Originally published on The Reviews Hub
Awarded 3.5 stars – Cleverly interpreted
Men. Most of the time we are a fairly idiotic gender. We bumble through life, often not thinking about much other than the next girlfriend, the next beer, the next sports match. We don’t mean to hurt the feelings of those we love, it’s simply that most of the time we don’t even realise we are affecting anyone around us. Self-centred yet somewhat affable by nature.
That’s a flippant generalisation, of course, but this is the character that Neil LaBute centres upon in his 2005 comedy-cum-sitcom Some Girl(s). The Guy in question doesn’t get a name, doesn’t deserve an identity. Charles Dorfman is simply another man, one who looks inwardly at his own feelings so often that he doesn’t require defining any further than the generic. As he travels across the USA, having ‘meaningful’ conversations with his ex-girlfriends to ensure no hard feelings before his big wedding day, his true goal is to give himself closure. That, or confirm that he won’t suffer from “The One That Got Away” syndrome, as final girl Bobbi (Carley Stenson) is all too quick to point out.
LaBute’s script offers more of an insight into the female characters than to Guy himself. These women have all been left behind, discarded like used goods when Guy got cold feet, afraid of commitment and taking the easy way out instead. Somewhat scorned but moving on with their lives, these women are the ones that have the moral high ground throughout, a facet that is exploited through Gary Condes’ direction. More often than not Guy is forced to sit on a bed in a token hotel room and engage these women with puppy dog eyes, a helpless passenger as they slowly pick away at his tangled web of lies. Each actor finds the core strength within their female character and exploits it to full effect, whether it be Sam’s (Elly Condron) neuroses and restrained anger or Lindsay’s (Carolyn Backhouse) ice cold intellect that disarms Guy with a stare. Condes creates each scene with finely balanced precision, colourful and smiles on the outside whilst deep-rooted emotionally underneath.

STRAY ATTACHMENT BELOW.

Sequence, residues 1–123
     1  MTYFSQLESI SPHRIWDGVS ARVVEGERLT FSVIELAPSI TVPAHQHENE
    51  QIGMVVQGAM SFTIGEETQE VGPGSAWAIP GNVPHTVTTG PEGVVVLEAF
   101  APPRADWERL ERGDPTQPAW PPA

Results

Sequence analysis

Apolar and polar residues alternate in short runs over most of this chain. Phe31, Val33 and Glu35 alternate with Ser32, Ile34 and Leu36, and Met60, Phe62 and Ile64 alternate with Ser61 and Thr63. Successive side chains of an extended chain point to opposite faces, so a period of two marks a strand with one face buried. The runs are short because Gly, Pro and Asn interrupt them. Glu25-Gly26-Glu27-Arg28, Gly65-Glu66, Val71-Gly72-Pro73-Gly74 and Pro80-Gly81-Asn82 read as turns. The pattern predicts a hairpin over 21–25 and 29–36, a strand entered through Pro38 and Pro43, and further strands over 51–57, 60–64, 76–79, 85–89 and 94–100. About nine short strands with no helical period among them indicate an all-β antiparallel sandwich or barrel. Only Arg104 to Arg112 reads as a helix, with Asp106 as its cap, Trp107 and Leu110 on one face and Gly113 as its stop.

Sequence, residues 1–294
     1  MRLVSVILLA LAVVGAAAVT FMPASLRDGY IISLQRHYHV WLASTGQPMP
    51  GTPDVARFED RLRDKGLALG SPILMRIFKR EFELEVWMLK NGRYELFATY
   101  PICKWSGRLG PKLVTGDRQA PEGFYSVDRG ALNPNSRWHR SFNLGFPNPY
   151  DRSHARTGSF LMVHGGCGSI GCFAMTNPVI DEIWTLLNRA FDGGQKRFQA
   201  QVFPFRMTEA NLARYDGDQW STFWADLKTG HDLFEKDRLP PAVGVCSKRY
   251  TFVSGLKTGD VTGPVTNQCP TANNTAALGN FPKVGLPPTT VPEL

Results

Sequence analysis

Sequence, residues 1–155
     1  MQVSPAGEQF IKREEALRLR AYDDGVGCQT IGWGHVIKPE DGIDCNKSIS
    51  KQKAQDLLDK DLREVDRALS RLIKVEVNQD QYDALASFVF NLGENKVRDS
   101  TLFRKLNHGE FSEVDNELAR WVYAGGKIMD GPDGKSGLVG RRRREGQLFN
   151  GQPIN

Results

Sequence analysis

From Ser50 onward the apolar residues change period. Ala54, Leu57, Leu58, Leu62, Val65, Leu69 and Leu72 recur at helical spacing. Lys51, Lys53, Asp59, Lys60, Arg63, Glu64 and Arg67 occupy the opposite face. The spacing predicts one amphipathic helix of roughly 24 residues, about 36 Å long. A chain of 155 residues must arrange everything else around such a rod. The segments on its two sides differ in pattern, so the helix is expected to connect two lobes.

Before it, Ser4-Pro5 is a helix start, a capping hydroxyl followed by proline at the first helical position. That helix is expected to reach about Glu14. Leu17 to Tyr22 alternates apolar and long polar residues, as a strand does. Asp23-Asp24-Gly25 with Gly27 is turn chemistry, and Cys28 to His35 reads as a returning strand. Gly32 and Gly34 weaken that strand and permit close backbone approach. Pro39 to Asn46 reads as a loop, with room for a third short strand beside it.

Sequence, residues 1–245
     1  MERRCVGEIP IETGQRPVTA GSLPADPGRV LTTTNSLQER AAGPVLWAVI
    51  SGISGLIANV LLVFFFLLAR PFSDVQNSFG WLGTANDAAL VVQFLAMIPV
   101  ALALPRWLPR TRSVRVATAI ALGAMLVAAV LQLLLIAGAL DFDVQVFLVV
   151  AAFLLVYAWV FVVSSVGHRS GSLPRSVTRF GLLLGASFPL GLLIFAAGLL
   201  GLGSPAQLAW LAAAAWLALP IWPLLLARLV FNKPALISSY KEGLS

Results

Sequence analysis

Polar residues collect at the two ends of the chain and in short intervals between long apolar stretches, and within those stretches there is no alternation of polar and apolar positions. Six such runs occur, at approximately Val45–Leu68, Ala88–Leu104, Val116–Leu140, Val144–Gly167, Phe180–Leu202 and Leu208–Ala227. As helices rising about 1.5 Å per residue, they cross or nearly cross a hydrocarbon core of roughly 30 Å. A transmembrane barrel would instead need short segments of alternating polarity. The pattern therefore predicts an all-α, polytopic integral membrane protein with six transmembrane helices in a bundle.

It is easy to dismiss Dorfman as Guy – he simply plays an unaware, self-involved fool without any true empathy until the final scene. But Dorfman’s performance serves as a booster to the female cast, a springboard that allows them to go full out with their characterisation. None are more over the top than Tyler (Roxanne Pallett), the overtly sexualised play-toy that Guy uses to experiment with in his graduate years. Buoyant and bouncy, Pallett slips around the stage with pent-up frustration, a succubus that out-plays the player himself. But when it comes to control over Guy, it is Carolyn Backhouse that holds all the cards. An intellectual powerhouse, she reduces him to a snivelling, pathetic child with simply a look. Relentless with her questions, there is no escape from her cleverly concealed trap. He was her escape, her future, her tomorrow – and she wants payback.
A somewhat predictable twist in LaBute’s final scene dampens and diminishes what is overall a well-written, cleverly interpreted show. It’s a shame that this also tarnishes Stenson’s performance as Bobbi, who builds an intense final interaction, emotional and painful, her heart on her sleeve. Like it’s puzzle piece of a set (some clever design by PJ McEvoy to distinguish each interlinking scene), the audience gets to piece together the past lovers in Guy’s life. Finally, when he realises whom he wants, it’s too late – Some Girl(s)are just fed up of waiting.
Writer: Neil LaBute
Director: Gary Condes
Reviewer: Daniel Perks
Runs until 6 August 2016 | Image: Claire Bilyard